We know what the Democrats stand for: pandering to left-wing interest groups, expanding the government, and turning over our national sovereignty to unaccountable non-democratic trans-national institutions.

We also know what the Republicans stand for: “We’re just like the Democrats, only we’ll spend less money,” plus doling out favors to their buddies in big business.

If we want to be represented by a national party, one or both of the existing ones will have to be hit where it hurts. When moths start flying out of their empty pocketbooks, they will start paying attention.

I’m not in favor of a third party, at least not yet. But there’s an alternative, one which I keep harping on. Since I don’t seem to be getting through, I’ll make it prominent enough for everyone to notice:

The Republican Primaries in 2006

If the GOP gets a wake-up call in the midterms, it might have enough of a salutary effect to allow us conservatives to pull the (R) lever in 2008 with a clean conscience.

And if the Republican majority gets shaved a little thin next year, or even if one house turns Democrat, would that be so bad? Until Jan 20th, 2009, President Bush will still be Commander-in-Chief. And most of us remember how much Ronald Reagan was able to accomplish, even when both houses were controlled by the Party of Pinkness.

The Club for GrowthBut, by my troth, the Republicans in Congress need to be shaken until their back teeth rattle. And, as I’ve said repeatedly, the shaking device required is the Club for Growth. Remember, these are the people who backed Pat Toomey against Arlen Specter, when President Bush and Senator Santorum supported Snarlin’ Arlen. These putative “conservatives” let a true conservative go down rather than violate a mindless “party loyalty.”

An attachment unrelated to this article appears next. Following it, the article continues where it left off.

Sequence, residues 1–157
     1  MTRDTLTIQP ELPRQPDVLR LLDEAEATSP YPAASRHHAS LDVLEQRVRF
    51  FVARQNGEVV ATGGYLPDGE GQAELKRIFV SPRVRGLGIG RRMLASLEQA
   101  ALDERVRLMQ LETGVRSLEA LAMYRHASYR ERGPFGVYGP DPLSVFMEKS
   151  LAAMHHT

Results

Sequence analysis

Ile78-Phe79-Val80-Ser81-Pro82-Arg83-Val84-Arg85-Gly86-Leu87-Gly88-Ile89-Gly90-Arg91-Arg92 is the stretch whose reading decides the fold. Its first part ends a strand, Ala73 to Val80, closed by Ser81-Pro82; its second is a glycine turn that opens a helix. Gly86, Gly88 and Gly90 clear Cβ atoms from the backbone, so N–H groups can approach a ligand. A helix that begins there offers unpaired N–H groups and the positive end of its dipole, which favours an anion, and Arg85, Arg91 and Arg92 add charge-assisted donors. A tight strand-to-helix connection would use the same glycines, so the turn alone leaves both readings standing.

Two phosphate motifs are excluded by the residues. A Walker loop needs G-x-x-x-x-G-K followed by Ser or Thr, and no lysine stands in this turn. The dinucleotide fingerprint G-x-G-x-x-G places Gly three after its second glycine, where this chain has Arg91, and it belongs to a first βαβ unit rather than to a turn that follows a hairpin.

What the heck is there to be loyal to when it includes the likes of Arlen Specter? Remember the consequences of this loyalty: the Gang of Fourteen and a likely uncontested filibuster of Judge Alito. That’s what party loyalty gets you.

The Club for Growth finds good, solid, Constitutionally-minded conservatives and backs them in the party primaries against the good ol’ boys in the Pork-’n’-Pay Club. The CFG has a very impressive track record in its efforts.

Here’s their mission statement:
     The Club for Growth is a national network of over 30,000 men and women, from all walks of life, who believe that prosperity and opportunity come through economic freedom.
The Club for Growth exists to encourage, and make possible, the enactment of pro-growth economic policies by the federal government. The primary tactic of the Club for Growth PAC has been to provide financial support from Club members to viable pro-growth candidates to Congress, particularly in Republican primaries.